Publisher: Faber and Faber
Length: 320 pages
About: 100 yr-old-woman's life expressed through journal
Style: 1st person
Where: Ireland (Sligo)
In The Secret Scripture, Barry revisits County Sligo, Ireland, the setting for his previous three books, to tell the unforgettable story of Roseanne McNulty. Once one of the most
beguiling women in Sligo, she is now a resident of Roscommon Regional Mental Hospital and nearing her hundredth year. Set against an Ireland besieged by conflict, The Secret Scripture is an
engrossing tale of one woman's life, and a vivid reminder of the stranglehold that the Catholic church had on individuals throughout much of the twentieth century.
The world begins anew with every birth, my father used to say. He forgot to say, with every death it ends. Or did not think he needed to. Because for a goodly part of his life he worked in a
That place where I was born was a cold town. Even the mountains stood away. They were not sure, no more than me, of that dark spot, those same mountains.
There was a black river that flowed through the town, and if it had no grace for mortal beings, it did for swans, and many swans resorted there, and even rode the river like some kind of plunging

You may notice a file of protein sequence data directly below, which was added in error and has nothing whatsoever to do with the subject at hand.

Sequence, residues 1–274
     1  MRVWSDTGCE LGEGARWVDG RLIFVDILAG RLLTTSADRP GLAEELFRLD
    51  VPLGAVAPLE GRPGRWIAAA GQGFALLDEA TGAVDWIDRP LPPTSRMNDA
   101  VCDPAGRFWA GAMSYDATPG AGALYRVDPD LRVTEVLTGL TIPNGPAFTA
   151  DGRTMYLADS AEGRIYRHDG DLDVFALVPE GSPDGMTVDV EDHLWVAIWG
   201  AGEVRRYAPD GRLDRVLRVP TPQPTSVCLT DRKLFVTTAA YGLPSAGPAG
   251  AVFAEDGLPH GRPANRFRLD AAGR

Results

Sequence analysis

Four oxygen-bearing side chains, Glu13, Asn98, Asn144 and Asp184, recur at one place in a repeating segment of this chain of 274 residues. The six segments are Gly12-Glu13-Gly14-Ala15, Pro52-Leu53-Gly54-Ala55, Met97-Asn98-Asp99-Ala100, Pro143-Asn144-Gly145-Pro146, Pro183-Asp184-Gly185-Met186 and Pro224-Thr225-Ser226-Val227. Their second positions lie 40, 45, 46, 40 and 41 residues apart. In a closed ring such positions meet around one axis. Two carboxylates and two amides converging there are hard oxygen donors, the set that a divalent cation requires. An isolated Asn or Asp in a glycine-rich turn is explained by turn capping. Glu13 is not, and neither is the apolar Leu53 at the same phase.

animals, in floods.
But Barry is doing something darker and more daring than image-breaking. He makes enthrallingly beautiful prose out of the wreckage of these lives by allowing them to have the complication of
actual history in all its messy elusiveness. "History, as far as I can see, is not the arrangement of what happens," he writes, "but a fabulous arrangement of surmises and guesses held up as a banner
against the assault of withering truth." His achievement in this magnificent and heart-rending novel is a kind of restitution.
The Guardian, Joseph O'Connor, 24th May 2008 for full review click here
Not so good
It became the subject of an unusual literary controversy at that year's Costa Book Awards: although it scooped the main prize, the panel of judges damned it with faint praise. Revisiting the book
in this new edition, one can see why the panel equivocated.
The Independent, David Evans 21st August 2011 for full review click here
About the author
Born 5 July 1955 in Dublin. He is the son of the late Irish actress Joan O'Hara. He attended Catholic University School and Trinity College, Dublin, where he read English and Latin. He also
served as an editor of Icarus.
His academic posts have included Honorary Fellow in Writing at the University of Iowa (1984), Villanova University (2006) and Writer Fellow at Trinity College, Dublin (1995–1996).
Barry started his literary career with the novel Macker's Garden in 1982. This was followed by several books of poetry and a further novel The Engine of Owl-Light in 1987 before his career as a
playwright began with his first play produced in the Abbey theatre, Boss Grady's Boys in 1988.
Barry lives in County Wicklow with his wife, the actress Alison Deegan and their three children.